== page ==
Finally, we own a group of smaller companies, most of them specializing in odd corners of the insurance world. In aggregate, their results have consistently been profitable and, as the table below shows, the float they provide us is substantial. Charlie and I treasure these companies and their managers. Here is the record of all four segments of our property-casualty and life insurance businesses: Underwriting Profit Yearend Float (in millions) 2009 2008 2009 2008 $ 477 349 649 84 $1,559 ************ And now a painful confession: Last year your chairman closed the book on a very expensive business fiasco entirely of his own making. For many years I had struggled to think of side products that we could offer our millions of loyal GEICO customers. Unfortunately, I finally succeeded, coming up with a brilliant insight that we should market our own credit card. I reasoned that GEICO policyholders were likely to be good credit risks and, assuming we offered an attractive card, would likely favor us with their business. We got business all right – but of the wrong type. Our pre-tax losses from credit-card operations came to about $6.3 million before I finally woke up. We then sold our $98 million portfolio of troubled receivables for 55¢ on the dollar, losing an additional $44 million. GEICO’s managers, it should be emphasized, were never enthusiastic about my idea. They warned me that instead of getting the cream of GEICO’s customers we would get the – – – – – well, let’s call it the non-cream. I subtly indicated that I was older and wiser. I was just older. Regulated Utility Business Berkshire has an 89.5% interest in MidAmerican Energy Holdings, which owns a wide variety of utility operations. The largest of these are (1) Yorkshire Electricity and Northern Electric, whose 3.8 million end users make it the U.K.’s third largest distributor of electricity; (2) MidAmerican Energy, which serves 725,000 electric customers, primarily in Iowa; (3) Pacific Power and Rocky Mountain Power, serving about 1.7 million electric customers in six western states; and (4) Kern River and Northern Natural pipelines, which carry about 8% of the natural gas consumed in the U.S. MidAmerican has two terrific managers, Dave Sokol and Greg Abel. In addition, my long-time friend, Walter Scott, along with his family, has a major ownership position in the company. Walter brings extraordinary business savvy to any operation. Ten years of working with Dave, Greg and Walter have reinforced my original belief: Berkshire couldn’t have better partners. They are truly a dream team. Somewhat incongruously, MidAmerican also owns the second largest real estate brokerage firm in the U.S., HomeServices of America. This company operates through 21 locally-branded firms that have 16,000 agents. Though last year was again a terrible year for home sales, HomeServices earned a modest sum. It also acquired a firm in Chicago and will add other quality brokerage operations when they are available at sensible prices. A decade from now, HomeServices is likely to be much larger. 8 $ 342 1,324 916 210 $2,792 $21,014 26,223 9,613 5,061 $61,911 $21,074 24,221 8,454 4,739 $58,488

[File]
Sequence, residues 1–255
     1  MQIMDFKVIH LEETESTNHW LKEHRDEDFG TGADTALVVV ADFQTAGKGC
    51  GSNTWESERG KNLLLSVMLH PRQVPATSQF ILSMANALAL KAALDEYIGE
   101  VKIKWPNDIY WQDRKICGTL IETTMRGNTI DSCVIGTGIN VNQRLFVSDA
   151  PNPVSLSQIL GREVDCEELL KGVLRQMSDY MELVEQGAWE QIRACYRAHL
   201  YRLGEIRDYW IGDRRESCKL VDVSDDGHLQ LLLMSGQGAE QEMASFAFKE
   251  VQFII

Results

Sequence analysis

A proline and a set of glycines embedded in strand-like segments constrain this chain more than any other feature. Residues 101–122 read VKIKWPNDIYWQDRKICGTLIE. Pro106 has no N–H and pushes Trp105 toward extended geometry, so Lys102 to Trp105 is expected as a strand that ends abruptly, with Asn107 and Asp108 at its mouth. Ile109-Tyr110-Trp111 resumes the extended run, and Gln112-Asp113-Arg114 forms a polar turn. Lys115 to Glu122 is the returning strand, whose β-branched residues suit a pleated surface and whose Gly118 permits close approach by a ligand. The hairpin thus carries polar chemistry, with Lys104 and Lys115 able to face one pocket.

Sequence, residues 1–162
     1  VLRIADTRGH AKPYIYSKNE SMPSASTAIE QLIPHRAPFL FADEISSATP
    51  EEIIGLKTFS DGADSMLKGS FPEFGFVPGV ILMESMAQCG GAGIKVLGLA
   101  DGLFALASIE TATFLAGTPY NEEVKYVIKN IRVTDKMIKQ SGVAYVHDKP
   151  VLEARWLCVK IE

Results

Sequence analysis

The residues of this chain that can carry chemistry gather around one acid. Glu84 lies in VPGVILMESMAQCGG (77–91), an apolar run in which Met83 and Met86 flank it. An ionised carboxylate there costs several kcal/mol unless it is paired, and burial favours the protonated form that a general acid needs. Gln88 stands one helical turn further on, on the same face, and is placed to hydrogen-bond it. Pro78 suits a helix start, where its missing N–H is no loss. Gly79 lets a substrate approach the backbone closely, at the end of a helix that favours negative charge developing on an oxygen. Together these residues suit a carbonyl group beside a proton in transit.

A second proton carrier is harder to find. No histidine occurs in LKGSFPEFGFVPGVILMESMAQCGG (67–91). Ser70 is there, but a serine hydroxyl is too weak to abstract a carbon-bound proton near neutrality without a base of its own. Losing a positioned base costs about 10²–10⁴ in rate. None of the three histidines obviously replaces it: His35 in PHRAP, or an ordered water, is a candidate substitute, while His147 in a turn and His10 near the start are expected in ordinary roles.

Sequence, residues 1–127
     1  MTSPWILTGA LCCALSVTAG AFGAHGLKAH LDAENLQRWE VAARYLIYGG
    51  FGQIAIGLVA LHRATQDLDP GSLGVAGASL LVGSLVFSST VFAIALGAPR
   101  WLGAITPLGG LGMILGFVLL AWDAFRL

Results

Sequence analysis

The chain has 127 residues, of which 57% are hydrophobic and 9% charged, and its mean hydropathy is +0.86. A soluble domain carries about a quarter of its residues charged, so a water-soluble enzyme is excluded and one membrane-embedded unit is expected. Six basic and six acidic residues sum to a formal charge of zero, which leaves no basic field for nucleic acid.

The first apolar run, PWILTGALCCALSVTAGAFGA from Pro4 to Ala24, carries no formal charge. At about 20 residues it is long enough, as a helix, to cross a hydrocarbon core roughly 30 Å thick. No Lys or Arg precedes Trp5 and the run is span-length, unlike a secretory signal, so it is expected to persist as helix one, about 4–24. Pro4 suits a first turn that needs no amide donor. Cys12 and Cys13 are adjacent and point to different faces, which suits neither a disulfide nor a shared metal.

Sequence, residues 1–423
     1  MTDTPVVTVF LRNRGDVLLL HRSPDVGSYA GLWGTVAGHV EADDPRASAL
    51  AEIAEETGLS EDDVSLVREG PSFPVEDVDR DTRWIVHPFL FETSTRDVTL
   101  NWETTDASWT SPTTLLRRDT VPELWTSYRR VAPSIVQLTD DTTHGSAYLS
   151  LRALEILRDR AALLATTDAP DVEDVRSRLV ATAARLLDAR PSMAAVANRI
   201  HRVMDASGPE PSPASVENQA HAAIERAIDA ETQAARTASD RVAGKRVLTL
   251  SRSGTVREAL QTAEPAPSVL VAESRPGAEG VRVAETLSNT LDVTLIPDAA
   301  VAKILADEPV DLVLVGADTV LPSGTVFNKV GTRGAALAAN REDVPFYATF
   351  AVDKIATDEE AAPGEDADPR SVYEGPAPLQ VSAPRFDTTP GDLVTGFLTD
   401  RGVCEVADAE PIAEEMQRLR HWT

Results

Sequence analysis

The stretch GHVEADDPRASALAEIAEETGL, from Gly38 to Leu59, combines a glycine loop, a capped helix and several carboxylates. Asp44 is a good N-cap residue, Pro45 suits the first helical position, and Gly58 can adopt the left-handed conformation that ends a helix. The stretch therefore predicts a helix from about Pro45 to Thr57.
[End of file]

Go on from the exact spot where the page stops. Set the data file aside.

Insurance Operations General Re . . . . . . . . . . . . . . . . . . . . . . BH Reinsurance . . . . . . . . . . . . . . . . . . GEICO . . . . . . . . . . . . . . . . . . . . . . . . . Other Primary . . . . . . . . . . . . . . . . . . .